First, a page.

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The Business Solution Of “Operation Chrysalis” – An Invisible Paywall

Towards the end of February an article – somewhat ironically published behind NBR’s paywall [which has been kindly turned off on these items for the duration of this discussion] – contained the scoop on Scoop’s plan to solve it’s long term sustainability problem.

Campbell Gibson’s article revealed that Scoop intends to begin charging its at-work professional users – those who regularly use Scoop for work purposes – for accessing Scoop. We are calling this initiative an “Invisible Paywall”.

Scoop first discussed its “invisible paywall” intentions at Nethui in 2012. But as 2015 begins – and online advertising revenues continue to tank – we now intend to pursue them more vigorously.

We acknowledge that the “Invisible Paywall” is a novel approach to online content monetisation and that it is likely to raise a few eyebrows. That said, Scoop’s – free to publish, free to search and free to read – news release publishing model is also as far as we are aware novel.

Companies, individuals and organisations which use Scoop are being informed that if they use Scoop routinely as part of their work that they need to have a license to do so. License fees start at $420 pa for organisations with up to 20 staff and increase to $2940 pa for organisations with up to 4000 staff. If you regularly use Scoop as part of your work consider yourself informed.

Organisations and businesses who choose not to pay have the choice of not using Scoop and/or blocking access to Scoop from their networks. However we are hoping that if the full circumstances around our “Invisible Paywall” are explained, enough businesses and organisations will be willing to contribute to make Scoop sustainable.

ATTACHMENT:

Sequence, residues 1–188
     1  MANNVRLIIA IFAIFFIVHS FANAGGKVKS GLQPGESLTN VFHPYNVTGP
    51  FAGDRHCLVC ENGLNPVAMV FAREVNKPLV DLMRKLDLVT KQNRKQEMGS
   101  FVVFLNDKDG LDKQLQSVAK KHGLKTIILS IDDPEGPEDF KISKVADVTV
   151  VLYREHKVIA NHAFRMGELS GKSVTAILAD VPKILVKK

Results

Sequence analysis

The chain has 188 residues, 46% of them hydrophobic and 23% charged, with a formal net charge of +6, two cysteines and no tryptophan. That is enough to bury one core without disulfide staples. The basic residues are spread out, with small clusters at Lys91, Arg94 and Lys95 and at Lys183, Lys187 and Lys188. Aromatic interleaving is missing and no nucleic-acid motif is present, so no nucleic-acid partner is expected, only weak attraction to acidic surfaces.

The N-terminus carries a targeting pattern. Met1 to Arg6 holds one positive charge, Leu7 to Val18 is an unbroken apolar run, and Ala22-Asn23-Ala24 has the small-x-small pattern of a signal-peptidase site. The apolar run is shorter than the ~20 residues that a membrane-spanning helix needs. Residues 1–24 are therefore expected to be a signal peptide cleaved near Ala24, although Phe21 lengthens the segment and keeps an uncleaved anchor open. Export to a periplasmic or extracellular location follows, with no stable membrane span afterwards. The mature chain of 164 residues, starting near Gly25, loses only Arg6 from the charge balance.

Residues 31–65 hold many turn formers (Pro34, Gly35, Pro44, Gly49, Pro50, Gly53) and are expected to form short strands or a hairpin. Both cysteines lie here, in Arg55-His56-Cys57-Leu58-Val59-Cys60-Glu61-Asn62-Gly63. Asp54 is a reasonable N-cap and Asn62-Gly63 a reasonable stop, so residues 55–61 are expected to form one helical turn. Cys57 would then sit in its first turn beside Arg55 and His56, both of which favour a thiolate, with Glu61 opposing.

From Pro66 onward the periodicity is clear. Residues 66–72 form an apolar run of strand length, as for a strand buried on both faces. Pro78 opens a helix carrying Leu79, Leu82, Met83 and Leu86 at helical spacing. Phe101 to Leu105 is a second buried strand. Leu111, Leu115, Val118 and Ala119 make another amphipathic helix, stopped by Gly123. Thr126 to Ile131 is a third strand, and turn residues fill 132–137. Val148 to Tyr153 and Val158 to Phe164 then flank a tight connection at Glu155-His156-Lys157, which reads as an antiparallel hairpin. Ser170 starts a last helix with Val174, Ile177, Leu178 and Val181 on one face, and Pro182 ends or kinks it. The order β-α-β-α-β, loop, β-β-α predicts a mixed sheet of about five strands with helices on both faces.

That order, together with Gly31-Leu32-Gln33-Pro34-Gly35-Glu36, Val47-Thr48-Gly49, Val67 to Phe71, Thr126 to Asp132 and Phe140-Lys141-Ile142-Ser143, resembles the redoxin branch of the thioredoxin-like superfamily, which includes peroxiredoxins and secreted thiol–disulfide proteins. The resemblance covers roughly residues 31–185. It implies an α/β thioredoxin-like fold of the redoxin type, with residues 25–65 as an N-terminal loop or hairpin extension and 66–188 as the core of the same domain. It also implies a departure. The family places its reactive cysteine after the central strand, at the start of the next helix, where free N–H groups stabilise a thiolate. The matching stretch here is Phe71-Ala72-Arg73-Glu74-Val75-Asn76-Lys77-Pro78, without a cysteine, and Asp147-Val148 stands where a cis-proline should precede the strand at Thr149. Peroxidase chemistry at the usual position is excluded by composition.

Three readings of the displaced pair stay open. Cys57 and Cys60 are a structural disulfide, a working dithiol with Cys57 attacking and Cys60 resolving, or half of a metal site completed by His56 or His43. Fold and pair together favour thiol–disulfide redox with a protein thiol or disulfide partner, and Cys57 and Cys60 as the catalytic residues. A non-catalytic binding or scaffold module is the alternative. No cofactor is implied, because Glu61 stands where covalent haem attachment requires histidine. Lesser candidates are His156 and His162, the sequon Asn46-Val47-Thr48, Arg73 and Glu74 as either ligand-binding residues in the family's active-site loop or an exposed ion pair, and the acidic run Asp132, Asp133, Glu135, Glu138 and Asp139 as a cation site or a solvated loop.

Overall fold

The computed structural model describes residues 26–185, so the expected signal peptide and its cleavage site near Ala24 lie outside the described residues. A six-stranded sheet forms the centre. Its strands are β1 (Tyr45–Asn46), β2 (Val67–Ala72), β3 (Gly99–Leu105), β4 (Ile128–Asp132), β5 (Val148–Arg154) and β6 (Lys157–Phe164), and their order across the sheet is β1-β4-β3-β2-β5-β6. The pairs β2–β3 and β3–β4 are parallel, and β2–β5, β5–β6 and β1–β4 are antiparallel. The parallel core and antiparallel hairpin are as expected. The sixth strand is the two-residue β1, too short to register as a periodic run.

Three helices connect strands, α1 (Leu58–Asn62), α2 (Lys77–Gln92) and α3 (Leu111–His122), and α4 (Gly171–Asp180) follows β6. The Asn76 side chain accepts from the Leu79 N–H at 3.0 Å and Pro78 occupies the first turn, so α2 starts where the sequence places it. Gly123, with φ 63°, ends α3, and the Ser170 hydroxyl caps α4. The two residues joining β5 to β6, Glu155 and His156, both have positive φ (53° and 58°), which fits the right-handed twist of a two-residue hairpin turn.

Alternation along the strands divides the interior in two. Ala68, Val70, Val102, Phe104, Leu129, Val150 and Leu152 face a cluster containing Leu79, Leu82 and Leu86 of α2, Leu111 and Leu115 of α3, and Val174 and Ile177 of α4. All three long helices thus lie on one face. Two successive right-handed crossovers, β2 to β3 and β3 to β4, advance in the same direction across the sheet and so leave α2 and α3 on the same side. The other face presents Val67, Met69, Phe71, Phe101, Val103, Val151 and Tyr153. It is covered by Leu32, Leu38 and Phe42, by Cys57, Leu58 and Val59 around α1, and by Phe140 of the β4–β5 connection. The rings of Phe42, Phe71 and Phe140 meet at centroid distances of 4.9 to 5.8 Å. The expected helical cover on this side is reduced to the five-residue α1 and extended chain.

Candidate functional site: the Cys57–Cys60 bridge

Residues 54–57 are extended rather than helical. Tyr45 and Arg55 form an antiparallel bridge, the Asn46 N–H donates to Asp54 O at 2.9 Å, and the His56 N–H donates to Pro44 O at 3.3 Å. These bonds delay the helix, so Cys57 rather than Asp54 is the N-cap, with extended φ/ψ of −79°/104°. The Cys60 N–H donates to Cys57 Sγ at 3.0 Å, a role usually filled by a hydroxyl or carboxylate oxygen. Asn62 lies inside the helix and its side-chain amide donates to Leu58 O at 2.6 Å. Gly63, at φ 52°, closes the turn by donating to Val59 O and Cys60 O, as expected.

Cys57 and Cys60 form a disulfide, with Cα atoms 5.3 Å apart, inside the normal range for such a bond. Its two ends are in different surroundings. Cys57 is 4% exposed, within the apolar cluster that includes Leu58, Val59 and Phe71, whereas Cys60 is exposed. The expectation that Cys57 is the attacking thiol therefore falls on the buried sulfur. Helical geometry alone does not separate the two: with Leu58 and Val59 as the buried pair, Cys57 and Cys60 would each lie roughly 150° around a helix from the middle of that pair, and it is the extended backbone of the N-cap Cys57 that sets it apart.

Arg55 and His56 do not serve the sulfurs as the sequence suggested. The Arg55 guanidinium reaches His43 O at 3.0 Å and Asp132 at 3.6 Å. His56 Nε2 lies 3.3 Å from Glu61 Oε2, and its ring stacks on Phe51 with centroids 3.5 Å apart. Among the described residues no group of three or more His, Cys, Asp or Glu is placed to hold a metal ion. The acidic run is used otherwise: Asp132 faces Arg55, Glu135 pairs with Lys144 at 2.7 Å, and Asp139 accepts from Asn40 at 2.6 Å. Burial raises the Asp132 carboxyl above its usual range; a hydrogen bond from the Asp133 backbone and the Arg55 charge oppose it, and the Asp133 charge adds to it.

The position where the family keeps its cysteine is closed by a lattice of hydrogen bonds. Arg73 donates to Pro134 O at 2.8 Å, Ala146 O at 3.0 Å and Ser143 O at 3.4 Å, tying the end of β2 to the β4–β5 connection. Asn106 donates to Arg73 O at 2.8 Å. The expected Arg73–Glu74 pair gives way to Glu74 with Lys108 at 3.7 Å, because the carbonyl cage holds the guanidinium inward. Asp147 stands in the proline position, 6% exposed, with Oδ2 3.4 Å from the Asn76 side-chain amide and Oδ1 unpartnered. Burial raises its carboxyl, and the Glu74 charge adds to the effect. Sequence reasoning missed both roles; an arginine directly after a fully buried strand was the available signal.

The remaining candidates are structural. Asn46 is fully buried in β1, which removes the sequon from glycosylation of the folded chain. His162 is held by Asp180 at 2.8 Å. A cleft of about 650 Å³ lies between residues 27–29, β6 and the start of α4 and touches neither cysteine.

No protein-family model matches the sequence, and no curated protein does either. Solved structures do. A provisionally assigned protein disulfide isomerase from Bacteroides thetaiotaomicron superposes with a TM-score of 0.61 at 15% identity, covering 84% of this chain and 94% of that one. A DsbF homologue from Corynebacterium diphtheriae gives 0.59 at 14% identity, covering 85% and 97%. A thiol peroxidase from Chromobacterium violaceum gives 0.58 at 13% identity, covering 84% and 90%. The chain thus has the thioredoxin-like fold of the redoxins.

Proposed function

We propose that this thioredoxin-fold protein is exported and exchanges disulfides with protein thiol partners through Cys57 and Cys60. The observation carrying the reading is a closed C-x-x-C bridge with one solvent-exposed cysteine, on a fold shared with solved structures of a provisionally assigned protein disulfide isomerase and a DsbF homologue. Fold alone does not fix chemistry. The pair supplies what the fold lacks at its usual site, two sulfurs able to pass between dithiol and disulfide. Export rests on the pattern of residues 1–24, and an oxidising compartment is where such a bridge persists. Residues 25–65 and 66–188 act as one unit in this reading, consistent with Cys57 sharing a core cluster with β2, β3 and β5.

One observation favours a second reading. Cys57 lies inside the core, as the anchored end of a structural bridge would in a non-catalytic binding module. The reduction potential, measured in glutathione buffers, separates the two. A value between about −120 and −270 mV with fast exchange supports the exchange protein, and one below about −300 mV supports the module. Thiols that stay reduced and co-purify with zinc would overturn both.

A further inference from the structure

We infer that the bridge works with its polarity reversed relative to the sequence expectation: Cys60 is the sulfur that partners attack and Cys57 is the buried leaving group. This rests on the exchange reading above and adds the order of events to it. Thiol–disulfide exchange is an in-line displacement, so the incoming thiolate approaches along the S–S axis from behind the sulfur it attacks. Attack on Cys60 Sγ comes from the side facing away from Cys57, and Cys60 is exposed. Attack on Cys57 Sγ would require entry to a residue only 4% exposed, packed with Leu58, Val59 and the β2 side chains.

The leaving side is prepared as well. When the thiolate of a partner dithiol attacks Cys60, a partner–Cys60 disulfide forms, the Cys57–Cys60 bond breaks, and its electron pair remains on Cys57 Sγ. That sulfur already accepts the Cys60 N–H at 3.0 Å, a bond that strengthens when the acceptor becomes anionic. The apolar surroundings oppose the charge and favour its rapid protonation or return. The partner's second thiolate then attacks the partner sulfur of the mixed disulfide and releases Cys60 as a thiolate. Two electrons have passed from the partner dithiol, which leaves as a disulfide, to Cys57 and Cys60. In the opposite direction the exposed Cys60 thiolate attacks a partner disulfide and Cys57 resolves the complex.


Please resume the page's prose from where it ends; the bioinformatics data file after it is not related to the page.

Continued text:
That said so far the introduction of this new approach has been a fairly steep learning curve.

At the end of January we wrote to Universities and Technical Colleges about our change in policy and suggested they start paying us. Universities are among our biggest users. The universities response which arrived via an article behind NBR’s paywall – was to claim that they do not use Scoop. We thought somewhat disingenuous given the significant levels of university usage shown in our logs.

As Jan Rivers pointed out in this column, Universities routinely pay huge sums to access databases of news and other content shows and clearly understand the importance of being compliant with copyright law.

In the end the success of “Operation Chrysalis” will likely be dependent on us convincing “business” users of Scoop like Universities to pay for the value that Scoop provides them. If sufficient numbers are willing to do so – at a relatively low per-user cost – then Scoop’s future will be assured. If not then we will need to come up with a plan B.

Either way we will find out in the next few months.

To pose a question to Scoop Editor Alastair Thompson
>> CLICK HERE <<

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The Business Reasons”Operation Chrysalis” & “The Invisible Paywall” Are Necessary (Editor’s Note: this section of this post is not included in the Public Address version)

Scoop first saw the writing on the wall about the future of online advertising [read more below *] at the start of 2008 and have worked very hard since to develop products and services to generate reliable revenue sources outside of advertising. As 2015 begins selling these products is the primary focus of Scoop’s business strategy. This is necessary as over the past year the trend towards programmatic network purchasing of advertising has accelerated, creating an online advertising market is not viable for small publishers, small news markets, and arguably small countries.